We arrived by taxi from Da Nang airport, and half of our party had booked a room at a hotel further down Ba Trieu, leaving the three of us with no reservations.This turned out to be a great decision, as we asked to be deposited outside the Thien Nga Hotel, as one of us had stayed there a couple of years ago. We were greeted at reception by one of several friendly staff members, and in excellent English we discussed the availability of rooms. At $25 for a double we popped up the spiral staircase to inspect the rooms and found them close to spotless, although with a little evidence of recent renovations. The mattresses were a comfortable foam, the LCD televisions and split airconditioners were new Toshibas, and the wildly gyrating fan on the roof was a welcome surprise for the member of our group who always sleeps with a ceiling fan when at home.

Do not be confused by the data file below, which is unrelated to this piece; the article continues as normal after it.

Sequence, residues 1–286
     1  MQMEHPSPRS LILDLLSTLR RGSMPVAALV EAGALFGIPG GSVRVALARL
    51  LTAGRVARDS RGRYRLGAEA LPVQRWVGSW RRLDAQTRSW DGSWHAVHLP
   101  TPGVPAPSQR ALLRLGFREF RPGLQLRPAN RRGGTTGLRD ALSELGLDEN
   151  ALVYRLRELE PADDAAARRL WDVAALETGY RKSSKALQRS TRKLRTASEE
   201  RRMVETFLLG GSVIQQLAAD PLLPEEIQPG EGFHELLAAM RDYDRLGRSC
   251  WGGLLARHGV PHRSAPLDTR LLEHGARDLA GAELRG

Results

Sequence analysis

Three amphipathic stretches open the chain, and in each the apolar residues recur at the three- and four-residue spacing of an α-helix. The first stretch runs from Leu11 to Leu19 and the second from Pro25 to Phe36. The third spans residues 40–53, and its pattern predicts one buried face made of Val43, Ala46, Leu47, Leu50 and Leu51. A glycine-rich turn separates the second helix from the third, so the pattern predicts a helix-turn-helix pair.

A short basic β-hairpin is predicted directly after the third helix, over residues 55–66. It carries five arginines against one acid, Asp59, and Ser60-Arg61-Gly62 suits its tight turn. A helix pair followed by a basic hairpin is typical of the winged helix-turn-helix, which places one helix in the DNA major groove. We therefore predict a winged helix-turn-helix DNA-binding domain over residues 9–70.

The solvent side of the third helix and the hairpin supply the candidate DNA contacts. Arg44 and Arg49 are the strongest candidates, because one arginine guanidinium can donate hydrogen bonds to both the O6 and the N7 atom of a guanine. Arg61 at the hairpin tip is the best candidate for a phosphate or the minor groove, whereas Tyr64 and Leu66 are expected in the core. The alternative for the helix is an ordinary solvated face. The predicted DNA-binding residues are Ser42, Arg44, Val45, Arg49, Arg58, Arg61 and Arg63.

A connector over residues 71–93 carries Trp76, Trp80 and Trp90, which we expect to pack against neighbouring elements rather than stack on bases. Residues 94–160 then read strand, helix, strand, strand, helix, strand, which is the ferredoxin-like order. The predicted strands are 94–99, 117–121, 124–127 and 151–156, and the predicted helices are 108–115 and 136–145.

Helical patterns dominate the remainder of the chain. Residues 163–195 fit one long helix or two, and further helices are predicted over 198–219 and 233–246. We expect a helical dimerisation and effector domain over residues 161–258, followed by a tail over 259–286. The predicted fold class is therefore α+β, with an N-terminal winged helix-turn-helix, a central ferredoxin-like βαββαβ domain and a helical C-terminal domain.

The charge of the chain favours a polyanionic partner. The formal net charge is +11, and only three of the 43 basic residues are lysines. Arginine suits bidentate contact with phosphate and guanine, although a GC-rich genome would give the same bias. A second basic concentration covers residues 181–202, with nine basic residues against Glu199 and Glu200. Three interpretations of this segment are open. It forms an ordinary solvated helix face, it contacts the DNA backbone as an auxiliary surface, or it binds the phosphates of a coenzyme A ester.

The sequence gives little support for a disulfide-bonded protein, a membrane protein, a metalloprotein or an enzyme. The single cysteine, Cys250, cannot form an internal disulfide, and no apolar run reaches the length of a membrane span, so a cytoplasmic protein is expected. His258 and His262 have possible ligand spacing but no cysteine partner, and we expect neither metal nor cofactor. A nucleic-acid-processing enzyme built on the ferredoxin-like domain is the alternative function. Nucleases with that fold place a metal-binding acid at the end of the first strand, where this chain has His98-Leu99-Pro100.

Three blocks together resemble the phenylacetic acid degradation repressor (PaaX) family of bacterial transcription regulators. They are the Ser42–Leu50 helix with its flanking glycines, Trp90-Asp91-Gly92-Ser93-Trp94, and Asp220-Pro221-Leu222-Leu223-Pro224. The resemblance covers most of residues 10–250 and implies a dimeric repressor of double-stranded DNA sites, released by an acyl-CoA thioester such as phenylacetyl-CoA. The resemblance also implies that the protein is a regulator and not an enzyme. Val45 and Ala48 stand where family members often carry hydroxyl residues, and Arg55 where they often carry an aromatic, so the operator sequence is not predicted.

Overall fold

Upon brief inspection we immediately booked all three adjacent rooms on the second floor for six nights.
On the second floor there's no discernable noise from the street, at least in the rooms facing away from the street, and the view from the windows and out on the balcony was wonderful, with crop fields and banana trees, and aside from a tennis club well into the distance and the occasional building poking through the trees you could almost kid yourself into believeing you were staying in Hoi An a hundred years ago. Watching the ducks messing about in the waterway that runs behind the hotel became a part of the morning ritual, and their waggling tails and playful ducky antics always brought a smile to my face